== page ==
The exposure of Athens to Natural Hazards
Attica has always been one of the country’s regions that is most exposed to natural hazards, particularly earthquakes, floods, heat waves and forest fires. The high exposure of Attica and the basin of the Capital in particular is due to its high concentration of population, activities, infrastructure and high-value stock in a confined area that is designated as a high-risk zone.
Attica is one of the Greek regions with the highest macroseismic intensities over the last 50 years (Papanastasiou et al. 2008). Attica’s exposure to seismic hazards was reassessed after the Parnitha earthquake in 1999 (size 5.9 R and epicentre 18 km northwest of Athens) that caused more than 140 fatalities and 3 billion EUR in losses (Map 1). It was the deadliest earthquake of the last 50 years in Greece (Photo 1) and led to the revision of the country’s seismic hazard map. The new map, which forms the basis of the 2000 Hellenic Earthquake-Resistant Buildings Regulations, registered a significant part of Attica and the northernmost municipalities of the capital in Zone II i.e medium seismicity. State policy for the prevention of earthquake risk is based almost exclusively on the construction of earthquake-resistant structures. Thus, buildings in Attica that have been built without permit remain exposed. After the earthquake of 1999, the limited public financial support for restoration and reconstruction only covered owners (not tenants) and mainly residences (not premises related to economic activities). Thus, the post-earthquake reconstruction did not lead to a substantive reduction in exposure and vulnerability of the affected areas against seismic hazards. Quite the opposite.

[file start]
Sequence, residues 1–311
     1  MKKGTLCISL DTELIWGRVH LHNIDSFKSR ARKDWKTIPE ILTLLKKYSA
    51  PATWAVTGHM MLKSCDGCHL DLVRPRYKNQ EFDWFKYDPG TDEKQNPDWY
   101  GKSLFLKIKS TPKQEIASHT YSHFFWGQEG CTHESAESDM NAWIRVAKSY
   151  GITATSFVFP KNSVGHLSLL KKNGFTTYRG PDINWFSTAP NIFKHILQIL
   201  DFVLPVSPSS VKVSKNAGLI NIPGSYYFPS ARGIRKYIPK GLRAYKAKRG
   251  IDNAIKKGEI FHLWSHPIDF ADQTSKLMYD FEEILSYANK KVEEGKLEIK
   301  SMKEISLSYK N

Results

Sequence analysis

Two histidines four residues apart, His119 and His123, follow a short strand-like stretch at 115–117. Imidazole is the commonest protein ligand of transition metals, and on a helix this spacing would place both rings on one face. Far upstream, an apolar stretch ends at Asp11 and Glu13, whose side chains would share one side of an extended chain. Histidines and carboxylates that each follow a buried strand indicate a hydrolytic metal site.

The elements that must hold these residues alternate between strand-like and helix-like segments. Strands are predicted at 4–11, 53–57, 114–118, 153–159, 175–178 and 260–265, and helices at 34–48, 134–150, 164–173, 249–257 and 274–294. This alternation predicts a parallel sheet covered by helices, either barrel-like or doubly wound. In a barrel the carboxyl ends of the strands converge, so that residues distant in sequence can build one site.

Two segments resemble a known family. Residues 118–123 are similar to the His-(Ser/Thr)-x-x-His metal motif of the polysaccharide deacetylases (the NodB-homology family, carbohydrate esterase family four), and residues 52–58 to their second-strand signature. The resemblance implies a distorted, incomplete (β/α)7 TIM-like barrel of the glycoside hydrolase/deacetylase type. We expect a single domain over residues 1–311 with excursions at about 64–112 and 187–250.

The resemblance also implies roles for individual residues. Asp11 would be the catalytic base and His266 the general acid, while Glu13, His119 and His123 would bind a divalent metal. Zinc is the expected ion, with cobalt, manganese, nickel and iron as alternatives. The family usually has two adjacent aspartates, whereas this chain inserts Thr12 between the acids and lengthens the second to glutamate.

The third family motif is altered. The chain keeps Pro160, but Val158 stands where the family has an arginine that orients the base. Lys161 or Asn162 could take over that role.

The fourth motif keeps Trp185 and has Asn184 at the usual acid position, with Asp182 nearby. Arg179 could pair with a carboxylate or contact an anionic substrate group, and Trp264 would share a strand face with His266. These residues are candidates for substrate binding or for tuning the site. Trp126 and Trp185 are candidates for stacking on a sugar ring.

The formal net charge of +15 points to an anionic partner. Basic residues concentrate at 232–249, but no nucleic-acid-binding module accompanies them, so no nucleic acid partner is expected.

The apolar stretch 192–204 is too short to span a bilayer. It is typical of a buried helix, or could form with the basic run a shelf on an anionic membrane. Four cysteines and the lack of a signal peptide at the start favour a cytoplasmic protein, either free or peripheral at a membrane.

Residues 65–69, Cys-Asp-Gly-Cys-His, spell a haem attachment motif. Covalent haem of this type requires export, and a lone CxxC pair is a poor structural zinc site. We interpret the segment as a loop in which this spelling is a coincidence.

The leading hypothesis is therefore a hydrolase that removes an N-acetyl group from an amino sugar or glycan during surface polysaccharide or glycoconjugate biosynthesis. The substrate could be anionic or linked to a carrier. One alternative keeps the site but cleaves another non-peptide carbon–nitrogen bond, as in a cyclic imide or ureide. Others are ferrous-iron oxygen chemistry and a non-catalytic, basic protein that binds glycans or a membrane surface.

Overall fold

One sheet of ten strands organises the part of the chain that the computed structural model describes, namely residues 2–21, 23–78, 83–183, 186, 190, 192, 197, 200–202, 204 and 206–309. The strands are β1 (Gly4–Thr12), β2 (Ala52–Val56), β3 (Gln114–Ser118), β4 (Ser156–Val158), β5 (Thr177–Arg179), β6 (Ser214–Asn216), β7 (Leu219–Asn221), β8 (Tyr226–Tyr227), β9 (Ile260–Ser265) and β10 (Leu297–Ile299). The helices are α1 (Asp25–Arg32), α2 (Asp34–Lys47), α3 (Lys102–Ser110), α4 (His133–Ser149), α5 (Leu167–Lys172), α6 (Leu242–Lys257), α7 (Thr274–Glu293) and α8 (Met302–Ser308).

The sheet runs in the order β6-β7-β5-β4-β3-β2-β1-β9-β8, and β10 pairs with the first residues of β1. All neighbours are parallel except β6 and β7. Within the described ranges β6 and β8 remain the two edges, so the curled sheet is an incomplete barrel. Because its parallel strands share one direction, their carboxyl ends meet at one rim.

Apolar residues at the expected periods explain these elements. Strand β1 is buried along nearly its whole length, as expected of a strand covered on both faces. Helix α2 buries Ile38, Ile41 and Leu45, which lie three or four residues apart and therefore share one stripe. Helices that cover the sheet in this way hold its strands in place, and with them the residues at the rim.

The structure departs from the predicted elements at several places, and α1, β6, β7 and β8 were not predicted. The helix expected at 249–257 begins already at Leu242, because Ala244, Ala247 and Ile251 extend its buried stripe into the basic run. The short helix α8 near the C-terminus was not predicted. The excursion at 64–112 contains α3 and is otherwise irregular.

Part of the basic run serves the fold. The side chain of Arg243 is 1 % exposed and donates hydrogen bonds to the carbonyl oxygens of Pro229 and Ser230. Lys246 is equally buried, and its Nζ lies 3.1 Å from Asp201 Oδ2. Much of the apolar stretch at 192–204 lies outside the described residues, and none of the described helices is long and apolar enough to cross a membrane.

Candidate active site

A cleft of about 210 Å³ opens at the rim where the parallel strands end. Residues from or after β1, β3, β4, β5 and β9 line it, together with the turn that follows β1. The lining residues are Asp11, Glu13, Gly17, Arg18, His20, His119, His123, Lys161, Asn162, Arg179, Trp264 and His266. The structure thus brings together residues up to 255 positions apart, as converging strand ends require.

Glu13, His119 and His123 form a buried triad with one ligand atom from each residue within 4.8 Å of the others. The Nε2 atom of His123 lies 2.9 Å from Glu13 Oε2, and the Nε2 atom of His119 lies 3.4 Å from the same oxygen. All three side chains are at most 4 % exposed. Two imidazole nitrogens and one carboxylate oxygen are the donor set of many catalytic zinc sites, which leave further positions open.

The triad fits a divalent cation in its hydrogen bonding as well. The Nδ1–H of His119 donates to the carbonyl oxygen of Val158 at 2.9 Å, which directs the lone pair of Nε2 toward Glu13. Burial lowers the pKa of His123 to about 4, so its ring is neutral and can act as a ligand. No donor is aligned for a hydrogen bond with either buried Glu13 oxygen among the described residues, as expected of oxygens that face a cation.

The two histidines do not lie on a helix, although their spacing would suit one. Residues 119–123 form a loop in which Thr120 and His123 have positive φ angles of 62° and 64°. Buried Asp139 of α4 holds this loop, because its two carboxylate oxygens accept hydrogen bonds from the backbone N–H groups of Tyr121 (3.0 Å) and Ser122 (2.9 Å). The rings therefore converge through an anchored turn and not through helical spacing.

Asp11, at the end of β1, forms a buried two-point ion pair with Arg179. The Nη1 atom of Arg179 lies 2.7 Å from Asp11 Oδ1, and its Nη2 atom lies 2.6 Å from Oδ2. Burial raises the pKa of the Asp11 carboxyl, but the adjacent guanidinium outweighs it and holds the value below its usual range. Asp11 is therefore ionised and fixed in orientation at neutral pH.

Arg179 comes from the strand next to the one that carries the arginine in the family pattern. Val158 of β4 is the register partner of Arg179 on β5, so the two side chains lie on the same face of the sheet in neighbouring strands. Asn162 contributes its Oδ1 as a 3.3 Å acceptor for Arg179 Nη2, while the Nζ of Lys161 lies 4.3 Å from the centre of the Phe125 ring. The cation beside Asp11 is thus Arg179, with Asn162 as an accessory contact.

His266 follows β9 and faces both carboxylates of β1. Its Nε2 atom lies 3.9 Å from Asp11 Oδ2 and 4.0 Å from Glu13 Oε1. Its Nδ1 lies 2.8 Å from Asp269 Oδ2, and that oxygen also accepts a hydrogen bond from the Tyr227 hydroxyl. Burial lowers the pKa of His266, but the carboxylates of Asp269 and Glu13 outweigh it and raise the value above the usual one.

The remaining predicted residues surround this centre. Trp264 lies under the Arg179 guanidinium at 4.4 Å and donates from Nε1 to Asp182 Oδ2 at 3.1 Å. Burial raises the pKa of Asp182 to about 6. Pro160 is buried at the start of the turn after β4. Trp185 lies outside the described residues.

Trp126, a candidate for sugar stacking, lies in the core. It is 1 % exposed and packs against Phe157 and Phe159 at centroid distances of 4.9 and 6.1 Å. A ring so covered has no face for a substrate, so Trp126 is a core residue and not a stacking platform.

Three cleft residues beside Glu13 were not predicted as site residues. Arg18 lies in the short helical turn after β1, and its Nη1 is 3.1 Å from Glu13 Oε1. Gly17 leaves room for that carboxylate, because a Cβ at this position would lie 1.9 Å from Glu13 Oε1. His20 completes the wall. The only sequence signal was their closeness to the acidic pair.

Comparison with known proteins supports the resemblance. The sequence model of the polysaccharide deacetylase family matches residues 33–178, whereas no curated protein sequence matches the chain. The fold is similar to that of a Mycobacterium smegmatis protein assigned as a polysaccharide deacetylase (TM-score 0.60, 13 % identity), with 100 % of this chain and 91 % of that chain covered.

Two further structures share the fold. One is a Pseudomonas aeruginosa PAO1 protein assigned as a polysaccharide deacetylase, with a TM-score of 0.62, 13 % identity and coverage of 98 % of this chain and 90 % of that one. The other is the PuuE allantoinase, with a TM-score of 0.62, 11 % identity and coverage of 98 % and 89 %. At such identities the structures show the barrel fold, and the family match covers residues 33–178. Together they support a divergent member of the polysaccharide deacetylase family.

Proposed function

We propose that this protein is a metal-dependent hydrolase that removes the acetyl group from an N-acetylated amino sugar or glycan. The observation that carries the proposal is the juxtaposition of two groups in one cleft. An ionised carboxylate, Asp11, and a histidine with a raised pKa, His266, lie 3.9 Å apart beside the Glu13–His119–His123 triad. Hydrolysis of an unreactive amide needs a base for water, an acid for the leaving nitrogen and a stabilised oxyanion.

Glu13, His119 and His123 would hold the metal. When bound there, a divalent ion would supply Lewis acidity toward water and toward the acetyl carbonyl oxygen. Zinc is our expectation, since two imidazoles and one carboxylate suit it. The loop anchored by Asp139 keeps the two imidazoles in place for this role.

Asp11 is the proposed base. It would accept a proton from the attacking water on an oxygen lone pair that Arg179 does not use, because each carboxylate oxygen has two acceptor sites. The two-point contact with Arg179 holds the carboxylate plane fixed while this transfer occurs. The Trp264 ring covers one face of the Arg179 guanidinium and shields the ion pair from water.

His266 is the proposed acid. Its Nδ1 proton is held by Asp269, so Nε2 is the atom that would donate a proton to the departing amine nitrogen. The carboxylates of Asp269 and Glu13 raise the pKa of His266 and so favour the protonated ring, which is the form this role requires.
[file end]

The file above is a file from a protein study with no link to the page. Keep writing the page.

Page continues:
Map 1: The epicentre of the 1999 Parnitha earthquake
Photo 1: Damage caused by the1999 earthquake in the Municipality of Acharnes, Attica
Source: PM Delladetsimas, 1999
Athens also often suffers from flooding, although the eastern part of Greece has a low annual rainfall (~ 300mm). Thunderstorms in Athens are nearly as frequent as in the rest of Greece. Apart from climatic and geomorphological factors, flood susceptibility is mainly due to human interventions (Κουτσογιάννης 2002). Due to rapid urbanisation and frequent development without permit, the city was gradually stripped of its natural flood protection, as a considerable proportion of its stream network was covered or built over (Map 2) and few open planted areas were left unbuilt. Moreover, repeated forest fires in the mountains surrounding the basin increased exposure to floods, especially in peripheral municipalities. The historic city centre has a mixed sewage system that offers increased protection as compared to the municipalities developed later, especially those along the Saronic coast.